Idle Hour

By W. Patrick Lang

Comment: I thought of this story yesterday while I was waiting for my lobster role order. Whenever the Cousins Maine Lobster food truck comes to our area I pick up a couple for SWMBO and myself. They’re expensive, but good. We opt for the Connecticut style, warm lobster meat on a top split split bun lightly drizzled with melted butter.

I remember the age that Pat was in this story, about to graduate high school and embark on the next great adventure. It was a grand time. Enjoy the story.

“Idle Hour” was a “backyard class” lobster boat.  She was clinker built by two carpenters for the exacting work of pulling lobsters from the cold depths of coastal waters.  An old Willys jeep engine ran the screw that drove her through the waves as well and powered the drum winch that hauled water soaked traps from the seabed far below.  She was a handsome craft and attracted tourist photography swinging at her mooring.  She was painted white with a green stripe around the hull.  The wheel house had a red roof, 

The boat was strongly built so that she could “swim” in the choppy seas off Kennebunkport, Maine.  There were always wind waves there, always.  The ever present gales and coastal currents whipped the sea to four and five foot waves even on what the weather forecasters might think a calm day.   To live in those waters, the little work boat was built with a high freeboard and a bluff, upturned forepeak.

She was owned by a French-Canadian named Albert Morin who was also the proprietor of a small “super-market” in an inland town.  The boat put down forty lobster “pots” in a string half a mile long.  These were hauled twice a day to be emptied, re-baited, and sent down again into the depths.  The traps were the traditional wooden boxes fitted with netting.  These were baited with rotten fish hooked to the side of the inner chamber, the one the fisher folk called “the chamber of death.”  The bait was bought from the Shackford & Gootch fishing company on the town wharf at Kennebunkport on the Kennebunk River.  Most of the lobsters went to Morin’s grocery store.  If there was a surplus the extras were traded for bait or sold to Shackford & Gootch for the wholesale market price.  That was usually about 40 cents a pound.  The price varied, but not by much.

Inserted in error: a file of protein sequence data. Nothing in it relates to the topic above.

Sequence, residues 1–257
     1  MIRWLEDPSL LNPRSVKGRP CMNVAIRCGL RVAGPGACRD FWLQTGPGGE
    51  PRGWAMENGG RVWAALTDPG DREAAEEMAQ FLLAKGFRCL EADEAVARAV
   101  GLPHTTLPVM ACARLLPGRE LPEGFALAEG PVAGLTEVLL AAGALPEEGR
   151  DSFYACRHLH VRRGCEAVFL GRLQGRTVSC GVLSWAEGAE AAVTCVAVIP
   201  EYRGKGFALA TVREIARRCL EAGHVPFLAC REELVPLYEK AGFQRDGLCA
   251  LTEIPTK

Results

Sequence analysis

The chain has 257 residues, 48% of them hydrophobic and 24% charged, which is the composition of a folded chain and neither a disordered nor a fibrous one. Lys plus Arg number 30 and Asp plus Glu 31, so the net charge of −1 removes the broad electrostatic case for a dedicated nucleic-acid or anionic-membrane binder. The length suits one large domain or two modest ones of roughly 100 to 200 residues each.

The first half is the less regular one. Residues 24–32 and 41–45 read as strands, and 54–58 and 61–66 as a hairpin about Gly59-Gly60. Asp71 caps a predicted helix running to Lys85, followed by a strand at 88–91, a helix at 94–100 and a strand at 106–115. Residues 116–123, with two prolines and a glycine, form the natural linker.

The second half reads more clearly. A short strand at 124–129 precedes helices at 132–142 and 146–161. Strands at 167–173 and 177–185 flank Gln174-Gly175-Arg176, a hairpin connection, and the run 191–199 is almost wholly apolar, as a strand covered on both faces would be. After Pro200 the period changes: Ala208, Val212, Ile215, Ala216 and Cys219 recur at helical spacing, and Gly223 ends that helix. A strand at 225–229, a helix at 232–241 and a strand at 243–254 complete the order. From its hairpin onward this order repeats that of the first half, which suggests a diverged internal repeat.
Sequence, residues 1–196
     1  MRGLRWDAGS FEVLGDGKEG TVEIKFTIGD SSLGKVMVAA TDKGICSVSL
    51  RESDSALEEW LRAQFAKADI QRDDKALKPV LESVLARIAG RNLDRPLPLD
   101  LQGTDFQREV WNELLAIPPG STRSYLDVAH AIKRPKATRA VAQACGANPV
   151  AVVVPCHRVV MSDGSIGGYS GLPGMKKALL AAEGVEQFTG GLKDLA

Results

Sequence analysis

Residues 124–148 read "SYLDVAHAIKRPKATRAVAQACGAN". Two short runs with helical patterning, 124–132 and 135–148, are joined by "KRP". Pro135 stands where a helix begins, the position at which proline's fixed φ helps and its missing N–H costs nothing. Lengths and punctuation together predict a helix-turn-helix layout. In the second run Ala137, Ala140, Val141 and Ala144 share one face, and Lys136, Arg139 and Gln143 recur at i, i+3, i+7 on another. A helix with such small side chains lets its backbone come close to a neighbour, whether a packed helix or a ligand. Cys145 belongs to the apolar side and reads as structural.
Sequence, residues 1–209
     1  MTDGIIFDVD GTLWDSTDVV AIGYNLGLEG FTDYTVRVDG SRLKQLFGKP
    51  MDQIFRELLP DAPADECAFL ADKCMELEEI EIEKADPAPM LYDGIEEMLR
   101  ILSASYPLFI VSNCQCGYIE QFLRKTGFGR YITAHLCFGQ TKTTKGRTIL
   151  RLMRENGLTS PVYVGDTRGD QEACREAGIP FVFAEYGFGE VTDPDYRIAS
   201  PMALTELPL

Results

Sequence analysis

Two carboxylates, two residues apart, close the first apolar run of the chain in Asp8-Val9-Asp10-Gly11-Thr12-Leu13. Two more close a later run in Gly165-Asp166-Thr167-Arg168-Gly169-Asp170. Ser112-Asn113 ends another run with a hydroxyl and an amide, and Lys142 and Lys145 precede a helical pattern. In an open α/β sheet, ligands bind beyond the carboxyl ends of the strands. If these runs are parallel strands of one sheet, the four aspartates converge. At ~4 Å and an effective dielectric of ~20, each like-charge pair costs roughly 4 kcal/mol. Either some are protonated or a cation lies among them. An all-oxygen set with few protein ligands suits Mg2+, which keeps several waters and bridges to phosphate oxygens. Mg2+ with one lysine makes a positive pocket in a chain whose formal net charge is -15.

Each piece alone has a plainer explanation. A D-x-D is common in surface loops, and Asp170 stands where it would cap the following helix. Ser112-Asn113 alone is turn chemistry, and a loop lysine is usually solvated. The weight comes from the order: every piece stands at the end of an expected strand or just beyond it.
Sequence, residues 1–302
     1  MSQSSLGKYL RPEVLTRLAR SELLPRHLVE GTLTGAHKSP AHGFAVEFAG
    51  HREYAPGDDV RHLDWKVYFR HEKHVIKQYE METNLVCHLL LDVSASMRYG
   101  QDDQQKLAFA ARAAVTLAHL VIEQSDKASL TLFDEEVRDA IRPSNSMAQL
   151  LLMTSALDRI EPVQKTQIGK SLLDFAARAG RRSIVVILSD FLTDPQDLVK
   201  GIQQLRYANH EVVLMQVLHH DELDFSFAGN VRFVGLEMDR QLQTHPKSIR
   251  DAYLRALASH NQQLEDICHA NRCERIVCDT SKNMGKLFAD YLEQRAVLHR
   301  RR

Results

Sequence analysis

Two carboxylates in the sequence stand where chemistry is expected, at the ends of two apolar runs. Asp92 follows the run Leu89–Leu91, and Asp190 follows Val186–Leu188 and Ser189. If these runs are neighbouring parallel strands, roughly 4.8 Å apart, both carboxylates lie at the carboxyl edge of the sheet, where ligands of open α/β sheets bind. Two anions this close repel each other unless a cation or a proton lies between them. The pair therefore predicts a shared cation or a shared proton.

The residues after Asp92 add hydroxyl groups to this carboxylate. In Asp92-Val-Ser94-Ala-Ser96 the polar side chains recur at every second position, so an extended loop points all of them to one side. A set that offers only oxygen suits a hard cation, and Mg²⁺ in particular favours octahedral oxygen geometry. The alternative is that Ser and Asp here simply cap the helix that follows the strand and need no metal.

Morin had appointed his teenaged son, Raymond, to command the boat.  The young man had a hired seaman to assist him most days, but his high school friend Walt Laine came aboard as well at times to help and for the sheer joy of being at sea and free of the land.

One fine day in May, 1958, the friends took the boat to sea for a special harvest of the ocean’s produce.  They had graduated from high school the week before, and this trip would be one of the last together in “Idle Hour.”  Raymond would soon leave for college in Boston and Laine looked forward to a year spent far to the south in a place unknown to him from anything but books.

The sky was bright; the sun warmed the air as it shone on the dark blue water.  Clouds sailed to the land on the breeze.  

The 40 foot boat began to pitch fore and aft as she crossed the bar and exited the river for the open water of the Gulf of Maine.  Walker Point was on the port bow.  The big frame house there was a pretty landmark.  Returning fishermen were happy to see it ahead after a long day.  To starboard on the other headland was a jumble of dark and foreboding buildings that were said to be a monastery of some sort.

Laine sat on the deck in the cockpit, his back braced against the transom.  The sea was too rough for a seat on a gunwale bench to be comfortable.

His friend was at the wheel with the drum of the winch pressed against his knees.  There was a davit and block pulley at his right elbow.

They wore wet weather gear from the boat’s cabin storage forward.   

Spray whipped the cockpit and wet the dark red of the painted deck.

The ridges of their rubber boots kept them from sliding, but only just.  

“You still want to be a dentist?” Laine asked his friend.

“Yeah, I don’t want the grocery store.  My old man accepts that more or less.  I want to do biology at “Northeastern” and then dentistry somewhere in Massachusetts.  I just want to make money, be comfortable, and own a nice boat.”

“Maybe you could buy this one…”

Ray Morin laughed.  You could just hear him above the sound of the sea and the cries of the gulls following them in hope of a handout.  “No, he says he will sell her in a few months.  He doesn’t want her if he doesn’t have me to run her.  Cheap bastard, he doesn’t pay me.  He says college will be payment enough.”

“Ah, that sounds familiar.”

“You still going to that place in Virginia that I never heard of?”

“Yup.  I got a letter from Tulane last week offering me a full “ride” in English for four years, but I’m not going to take it.”


Laine struggled within himself for an answer.  Morin was his friend.  They had been “running” in tandem in grades and class office through the last four years.  “Oh, just to torment my “old bastard.”  

“Do you still want to go in the army?”

Laine pulled the bill of his old baseball cap lower.  “I think so.”

“Why didn’t you go to West Point?”